The observation of a subtle degree of isolation for the Irish group at the LD level is also in agreement with the results of our ROH analysis. Again we see very similar patterning across populations, but our results suggest that the Irish population has the largest proportion of the genome in ROH (as measured by FROH1), relative to the British and HapMap CEU populations examined here (Figure 3). Overall, the Irish and Swedish populations seem slightly different from the others in the context of ROH. Both the Irish and Swedish populations showed, on an average, a greater number of ROH, an increased maximum ROH length, as well as an increased proportion of the genome in homozygous runs, compared with that of the Scottish, southern English and Utah populations. Similarly, the mean level of individual autozygosity per population as measured by FROH22 was highest for the Irish group (Figure 4). Together, these results suggest slightly increased autozygosity in the Irish cohort compared with the British and Swedish cohorts.
Autozygosity is generated by increased levels of kinship, which in turn reflects the population history of Ireland. Although relatively undisturbed by secondary migrations,5, 26 the population of Ireland has undergone expansions and contractions at numerous points in recent history (eg, two major famines since 1600, disease epidemics, expansion in the first half of the 19th century). Aside from these features, the increased autozygosity may also reflect legacies of Gaelic family structures and comparatively low levels of migration that are in part due to a lack of industrial revolution in Ireland.
To test a hypothesis of increased autozygosity due to features of relatively recent population history, we examined the patterning of homozygosity looking for signals of parental relatedness over the last four or five generations. Previous work has illustrated that parental relatedness arising within four to six generations predominantly affects ROH over 5Mb in length.22 We therefore compared this statistic across populations. Results show that the Irish and Swedish populations have around 10 times as much of their genomes in ROH over 5Mb in length than the southern English, and 1.5–3 times as much as Scotland and Utah (Figure 4).
Our final set of analyses explored the degree of HD (HD) across populations. HD represents a method for quantifying genetic diversity that integrates LD. The nature and patterning of HD can, in theory, reflect the underlying disease-causing genetic variation and provide insight into human demographic history. We estimated HD across our populations and placed our results in the context of previous estimates for European and world populations, calculated using the same technique.24 Diversity across Britain and Ireland is reduced in comparison with mainland European populations, with Scotland and Ireland having lower levels than southern England. The cline in HD across Europe is seen to extend all the way to the Atlantic, where the lowest national genetic diversities in Europe are apparent (Figure 5). These results are in close agreement with an earlier survey of HD across Europe24 and are consistent with a serial founder effect, a scenario in which population expansion involves successive migration of a small fraction of individuals out of the previous location, starting from a single origin in sub-Saharan Africa.27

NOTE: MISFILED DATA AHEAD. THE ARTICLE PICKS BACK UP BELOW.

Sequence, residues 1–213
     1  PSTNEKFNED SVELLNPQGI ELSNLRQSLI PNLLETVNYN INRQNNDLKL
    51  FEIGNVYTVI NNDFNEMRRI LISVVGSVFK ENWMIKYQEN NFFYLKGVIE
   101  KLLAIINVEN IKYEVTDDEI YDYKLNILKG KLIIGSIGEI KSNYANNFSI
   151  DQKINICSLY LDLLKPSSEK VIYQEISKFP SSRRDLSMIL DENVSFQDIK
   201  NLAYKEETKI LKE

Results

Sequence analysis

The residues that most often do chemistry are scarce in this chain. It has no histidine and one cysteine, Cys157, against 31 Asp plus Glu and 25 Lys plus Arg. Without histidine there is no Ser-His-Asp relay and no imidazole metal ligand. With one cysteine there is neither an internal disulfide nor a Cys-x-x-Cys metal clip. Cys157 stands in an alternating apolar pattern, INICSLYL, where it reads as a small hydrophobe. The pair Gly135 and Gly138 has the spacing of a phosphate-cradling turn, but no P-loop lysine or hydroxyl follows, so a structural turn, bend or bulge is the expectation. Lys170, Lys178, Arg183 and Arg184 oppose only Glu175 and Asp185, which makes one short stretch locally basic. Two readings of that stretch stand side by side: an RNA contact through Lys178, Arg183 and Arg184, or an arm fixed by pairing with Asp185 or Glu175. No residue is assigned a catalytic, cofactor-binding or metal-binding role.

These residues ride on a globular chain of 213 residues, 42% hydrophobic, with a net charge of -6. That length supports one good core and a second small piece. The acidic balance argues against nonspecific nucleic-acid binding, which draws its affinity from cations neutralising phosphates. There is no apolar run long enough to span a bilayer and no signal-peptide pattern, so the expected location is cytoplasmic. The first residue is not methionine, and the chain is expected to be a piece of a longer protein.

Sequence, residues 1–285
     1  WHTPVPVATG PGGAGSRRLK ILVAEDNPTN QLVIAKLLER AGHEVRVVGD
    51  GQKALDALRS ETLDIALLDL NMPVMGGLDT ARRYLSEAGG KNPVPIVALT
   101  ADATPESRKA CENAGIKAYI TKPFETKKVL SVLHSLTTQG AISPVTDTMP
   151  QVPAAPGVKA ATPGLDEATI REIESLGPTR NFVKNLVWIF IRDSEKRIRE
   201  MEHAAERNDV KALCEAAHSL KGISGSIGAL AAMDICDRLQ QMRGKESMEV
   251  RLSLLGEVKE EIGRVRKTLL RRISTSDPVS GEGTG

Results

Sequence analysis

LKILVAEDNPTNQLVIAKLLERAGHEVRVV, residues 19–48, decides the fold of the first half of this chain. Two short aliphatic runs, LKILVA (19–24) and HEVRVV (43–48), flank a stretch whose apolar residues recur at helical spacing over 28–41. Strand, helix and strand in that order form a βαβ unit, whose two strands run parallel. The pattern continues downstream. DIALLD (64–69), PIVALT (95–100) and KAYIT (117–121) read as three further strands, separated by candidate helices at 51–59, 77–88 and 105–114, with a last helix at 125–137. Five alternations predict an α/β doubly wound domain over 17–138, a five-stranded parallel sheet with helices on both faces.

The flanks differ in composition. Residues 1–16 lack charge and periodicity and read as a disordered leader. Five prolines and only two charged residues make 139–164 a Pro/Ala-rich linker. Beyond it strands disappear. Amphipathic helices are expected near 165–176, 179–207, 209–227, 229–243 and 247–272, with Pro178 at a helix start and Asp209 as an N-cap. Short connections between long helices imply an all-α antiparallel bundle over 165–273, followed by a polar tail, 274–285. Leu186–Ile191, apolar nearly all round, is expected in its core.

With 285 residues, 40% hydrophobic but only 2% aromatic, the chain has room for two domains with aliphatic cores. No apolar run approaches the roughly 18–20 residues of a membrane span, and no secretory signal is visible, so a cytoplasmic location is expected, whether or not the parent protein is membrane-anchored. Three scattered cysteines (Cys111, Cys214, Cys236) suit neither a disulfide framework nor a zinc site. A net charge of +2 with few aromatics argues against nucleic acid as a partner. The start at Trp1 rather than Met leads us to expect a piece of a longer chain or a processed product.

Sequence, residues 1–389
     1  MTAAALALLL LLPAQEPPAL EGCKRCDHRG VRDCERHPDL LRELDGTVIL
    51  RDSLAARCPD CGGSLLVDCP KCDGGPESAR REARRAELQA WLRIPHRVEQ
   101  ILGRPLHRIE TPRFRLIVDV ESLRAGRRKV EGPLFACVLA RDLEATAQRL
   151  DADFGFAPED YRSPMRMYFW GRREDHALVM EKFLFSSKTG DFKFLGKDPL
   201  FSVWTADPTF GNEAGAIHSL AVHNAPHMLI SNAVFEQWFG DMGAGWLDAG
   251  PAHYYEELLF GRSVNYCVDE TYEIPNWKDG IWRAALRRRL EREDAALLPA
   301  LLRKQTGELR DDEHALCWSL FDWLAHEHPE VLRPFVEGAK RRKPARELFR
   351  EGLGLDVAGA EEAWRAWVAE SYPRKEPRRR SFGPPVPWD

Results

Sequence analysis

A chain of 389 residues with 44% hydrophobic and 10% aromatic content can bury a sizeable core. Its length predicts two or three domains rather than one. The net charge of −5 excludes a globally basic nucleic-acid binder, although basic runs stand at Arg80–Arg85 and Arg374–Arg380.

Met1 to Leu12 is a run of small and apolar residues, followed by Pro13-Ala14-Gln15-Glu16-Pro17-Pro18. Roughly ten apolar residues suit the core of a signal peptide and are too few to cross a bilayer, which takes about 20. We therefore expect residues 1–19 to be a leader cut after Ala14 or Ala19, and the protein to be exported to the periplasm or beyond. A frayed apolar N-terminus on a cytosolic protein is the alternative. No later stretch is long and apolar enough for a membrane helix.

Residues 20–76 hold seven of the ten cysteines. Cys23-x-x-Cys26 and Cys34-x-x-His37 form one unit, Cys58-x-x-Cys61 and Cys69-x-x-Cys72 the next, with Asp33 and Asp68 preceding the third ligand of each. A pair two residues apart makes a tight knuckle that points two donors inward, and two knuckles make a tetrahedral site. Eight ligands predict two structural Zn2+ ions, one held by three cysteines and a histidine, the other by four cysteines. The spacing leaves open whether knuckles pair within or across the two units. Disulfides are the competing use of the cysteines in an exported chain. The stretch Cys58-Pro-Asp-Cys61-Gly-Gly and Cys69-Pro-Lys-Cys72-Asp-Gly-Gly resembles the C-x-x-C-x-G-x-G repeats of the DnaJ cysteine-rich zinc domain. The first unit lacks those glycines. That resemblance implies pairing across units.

Our analysis of population structure through both PCA and Bayesian approaches reiterates previously reported patterns of genetic structure across Europe. PC1 clearly differentiates northern from southern Europe, whereas PC2 differentiates eastern from western Europe.28, 29, 30 What was perhaps less well described was the subtle structuring of variation across Britain and Ireland. Through PCA we were able to resolve the Irish population from both the Scottish and English populations, consistent with previous observations based on a similarly sized data set.29 Further, we observed subtle differentiation between Scotland and England, as previously illustrated in WTCCC data.12, 31 A previous report of the European population structure that was focused primarily on mainland Europe reported interpopulation FST values of 0.003.28 It is interesting to note that across Britain and Ireland, FST values were an order of magnitude lower (average English/Irish/Scottish value=0.0005). Although intermediate between Irish and English populations by PCA, our Scottish population seems genetically more similar to the English than to the Irish population using FST. This result is in keeping with the geographical proximity between Scotland and England and the sharing, therefore, of more historical and prehistorical influences than with Ireland. The degree of sharing between Scotland and Ireland or England is probably structured according to geography. It would be interesting, for example, to quantify genetic sharing between western Scottish regions (eg, Argyll or Galloway) and Ireland or, conversely, between the Border region and England. Evidence for genetic structure within Scotland exists from Y-chromosome analysis, which reveals both a shared ancestry between eastern Scottish and eastern English samples, such as ours, and a similarity between Scotland and Ireland to the exclusion of England (JF Wilson, unpublished data).